Iron Oxide & Chromium Richer green Used for wine bottles
Sulphur, carbon & iron salts amber, yellow Can be almost black
Manganese Removes green Can give purple colour
Selenium Red or Pink Copper and gold both produce similar colours
Cobalt Blue Very small amounts required
Tin oxide, antimony & arsenic White opaque Used to mimic porcelain
Copper Oxide Turquoise Nickel Blue, violet or black Chromium Dark green Titanium Yellow / brown Uranium fluorescent yellow or green Not radioactive in glass but Can be if ground down.
Silver Orange or red The way the glass is cooled affects the colour
In the 1950’s, Alastair Pilkington developed a new, patented system of making large, good quality sheets of flat glass for windows and glass sheets. Flat glass making had only been achieved with limited success up until then and was expensive. The new Pilkington method allowed glass to be made cheaply in bulk and to a good standard.
Molten glass is drawn on to molten metal and floats along the metal until cooled and cut – thus its name, float glass. This is achieved in a continuous process using machinery which can be up to 500m long. The machines are never switched off throughout their life span of about 10 – 15 years and produce up to 6,000 of glass per week – that’s about 6,000 km per year. It is such a specialised operation that there are only about 260 plant worldwide.
The process is achieved in 6 stages:
1. Melting & Refining
Batch and cullet (Recycled Glass)are heated in the furnace to about 1,500 deg C. There are different areas of the furnace through which the glass flows. Impurities and bubbles are removed and the molten glass is cooled to 1,100 deg C by the time it is ready to move on. This process is key to producing high quality glass and can last up to 50 hours. It is also where the glass is mixed with different ingredients to produce different finished products.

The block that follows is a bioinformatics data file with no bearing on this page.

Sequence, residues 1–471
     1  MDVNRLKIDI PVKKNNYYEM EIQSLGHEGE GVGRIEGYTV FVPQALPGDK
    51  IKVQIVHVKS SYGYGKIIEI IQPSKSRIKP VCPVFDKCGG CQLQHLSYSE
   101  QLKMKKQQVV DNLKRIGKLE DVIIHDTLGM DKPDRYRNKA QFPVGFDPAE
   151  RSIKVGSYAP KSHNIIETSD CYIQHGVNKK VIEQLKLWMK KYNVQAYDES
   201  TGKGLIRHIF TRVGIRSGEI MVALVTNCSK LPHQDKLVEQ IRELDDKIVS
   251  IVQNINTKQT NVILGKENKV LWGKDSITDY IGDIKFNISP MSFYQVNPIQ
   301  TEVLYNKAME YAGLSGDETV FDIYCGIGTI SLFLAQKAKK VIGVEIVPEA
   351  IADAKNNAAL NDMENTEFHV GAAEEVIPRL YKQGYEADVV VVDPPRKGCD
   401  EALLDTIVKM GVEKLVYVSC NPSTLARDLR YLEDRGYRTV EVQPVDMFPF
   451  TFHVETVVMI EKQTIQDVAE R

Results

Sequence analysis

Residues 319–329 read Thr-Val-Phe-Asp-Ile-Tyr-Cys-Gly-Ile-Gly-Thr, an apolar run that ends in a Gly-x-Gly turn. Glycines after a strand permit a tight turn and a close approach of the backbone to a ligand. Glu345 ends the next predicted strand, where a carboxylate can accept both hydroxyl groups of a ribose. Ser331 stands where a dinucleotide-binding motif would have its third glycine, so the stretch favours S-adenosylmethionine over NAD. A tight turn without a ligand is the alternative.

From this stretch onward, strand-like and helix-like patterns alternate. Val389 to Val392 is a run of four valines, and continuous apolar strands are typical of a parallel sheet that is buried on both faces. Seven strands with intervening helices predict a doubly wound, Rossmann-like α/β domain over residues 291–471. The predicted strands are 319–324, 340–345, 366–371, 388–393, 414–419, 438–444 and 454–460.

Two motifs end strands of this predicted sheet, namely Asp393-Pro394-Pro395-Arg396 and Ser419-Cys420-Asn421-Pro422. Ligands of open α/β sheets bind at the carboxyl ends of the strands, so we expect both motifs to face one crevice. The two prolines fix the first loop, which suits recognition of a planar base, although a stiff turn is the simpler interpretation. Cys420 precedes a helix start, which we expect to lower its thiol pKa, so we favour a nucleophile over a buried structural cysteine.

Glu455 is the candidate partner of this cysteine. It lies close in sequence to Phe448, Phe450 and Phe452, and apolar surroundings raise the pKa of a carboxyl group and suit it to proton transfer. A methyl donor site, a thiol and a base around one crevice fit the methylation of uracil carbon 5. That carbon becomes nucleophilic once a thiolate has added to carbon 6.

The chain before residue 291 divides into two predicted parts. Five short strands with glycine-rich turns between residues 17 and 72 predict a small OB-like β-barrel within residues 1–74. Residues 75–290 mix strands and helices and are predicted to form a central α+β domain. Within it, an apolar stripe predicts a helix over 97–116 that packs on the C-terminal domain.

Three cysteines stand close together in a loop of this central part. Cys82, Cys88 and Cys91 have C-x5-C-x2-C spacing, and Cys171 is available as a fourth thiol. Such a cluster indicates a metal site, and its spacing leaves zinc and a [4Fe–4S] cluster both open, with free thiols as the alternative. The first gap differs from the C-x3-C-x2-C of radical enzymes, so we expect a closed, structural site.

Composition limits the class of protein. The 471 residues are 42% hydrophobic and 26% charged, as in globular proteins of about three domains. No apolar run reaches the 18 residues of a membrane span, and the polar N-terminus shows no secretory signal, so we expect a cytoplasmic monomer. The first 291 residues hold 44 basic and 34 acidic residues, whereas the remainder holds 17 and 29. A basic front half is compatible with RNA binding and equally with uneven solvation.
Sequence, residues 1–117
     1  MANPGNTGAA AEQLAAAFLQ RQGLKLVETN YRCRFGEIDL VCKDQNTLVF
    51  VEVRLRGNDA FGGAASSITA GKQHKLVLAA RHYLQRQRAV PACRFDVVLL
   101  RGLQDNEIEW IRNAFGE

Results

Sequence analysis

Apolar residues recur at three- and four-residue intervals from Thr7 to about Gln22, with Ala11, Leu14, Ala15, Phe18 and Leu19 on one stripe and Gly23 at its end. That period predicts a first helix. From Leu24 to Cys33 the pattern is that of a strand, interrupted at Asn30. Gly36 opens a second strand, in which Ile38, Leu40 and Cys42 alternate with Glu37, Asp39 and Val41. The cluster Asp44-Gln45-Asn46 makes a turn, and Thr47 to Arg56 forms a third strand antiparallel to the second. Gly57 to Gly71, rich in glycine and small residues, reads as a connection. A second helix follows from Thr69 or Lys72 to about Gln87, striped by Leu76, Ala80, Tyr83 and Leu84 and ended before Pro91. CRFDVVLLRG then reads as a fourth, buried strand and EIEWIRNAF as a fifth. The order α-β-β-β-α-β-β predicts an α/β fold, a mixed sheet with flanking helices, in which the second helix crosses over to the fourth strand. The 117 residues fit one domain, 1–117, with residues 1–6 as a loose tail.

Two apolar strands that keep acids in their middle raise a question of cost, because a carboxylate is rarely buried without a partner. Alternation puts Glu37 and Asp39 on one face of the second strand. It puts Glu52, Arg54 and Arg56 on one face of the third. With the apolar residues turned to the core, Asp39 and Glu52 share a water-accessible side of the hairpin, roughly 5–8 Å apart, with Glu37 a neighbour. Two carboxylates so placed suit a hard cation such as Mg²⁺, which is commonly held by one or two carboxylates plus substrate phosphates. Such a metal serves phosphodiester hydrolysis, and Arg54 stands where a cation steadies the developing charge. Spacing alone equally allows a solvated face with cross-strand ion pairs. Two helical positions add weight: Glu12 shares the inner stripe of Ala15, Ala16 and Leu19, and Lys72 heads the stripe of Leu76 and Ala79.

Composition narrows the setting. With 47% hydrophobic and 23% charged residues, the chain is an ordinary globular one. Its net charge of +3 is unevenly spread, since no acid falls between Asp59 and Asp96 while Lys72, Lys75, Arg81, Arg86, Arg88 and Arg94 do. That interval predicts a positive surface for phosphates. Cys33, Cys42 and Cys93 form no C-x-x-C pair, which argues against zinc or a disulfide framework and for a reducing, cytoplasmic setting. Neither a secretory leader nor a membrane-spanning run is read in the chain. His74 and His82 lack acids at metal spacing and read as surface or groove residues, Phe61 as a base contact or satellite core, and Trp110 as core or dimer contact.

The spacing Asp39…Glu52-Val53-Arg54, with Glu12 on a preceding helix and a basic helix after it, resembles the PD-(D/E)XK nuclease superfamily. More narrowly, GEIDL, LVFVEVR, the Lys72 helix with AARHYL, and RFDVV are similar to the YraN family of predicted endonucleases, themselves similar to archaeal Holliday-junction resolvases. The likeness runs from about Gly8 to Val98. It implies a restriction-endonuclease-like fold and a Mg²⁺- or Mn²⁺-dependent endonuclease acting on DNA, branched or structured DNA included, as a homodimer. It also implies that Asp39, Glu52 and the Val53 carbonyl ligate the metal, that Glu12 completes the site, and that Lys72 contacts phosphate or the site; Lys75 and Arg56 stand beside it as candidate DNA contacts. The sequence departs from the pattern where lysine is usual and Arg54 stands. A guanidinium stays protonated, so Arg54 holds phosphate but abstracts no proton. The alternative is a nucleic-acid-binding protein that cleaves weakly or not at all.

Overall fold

2. The Float Bath
The molten glass from the furnace flows on to mirror like molten tin and forms a ribbon about 6.8mm thick. It flows over the tin and is cooled to 600 deg C when it leaves. Thicker glass up to 25mm is produced by not allowing it to settle at 6.8mm. The ribbon is stretched to produce thinner glass.
Many coatings can be applied to the glass to make it suitable for a range of products during this stage of the process. These are normally applied via chemical vapour and more than one coating can be added. These coatings can change the optical and absorption qualities of the glass.
The cooling process is carefully controlled in a part called a lehr – the glass is under stress when it cools and care is taken to prevent it from breaking.
The glass is automatically checked by lasers throughout the process at every stage. Action can be taken during processing to correct a blemish or cutters can avoid the area.
The final stage of glass making is the cutting. Diamond wheel cutters are used to cut the glass made to the required size. Customer requirements are fed into the computer system which works out the best way to cust the glass to avoid waste.
Jars and bottles are made from one of two similar processes known as Blow & Blow or Press & Blow. The process used to make them is known as the IS process.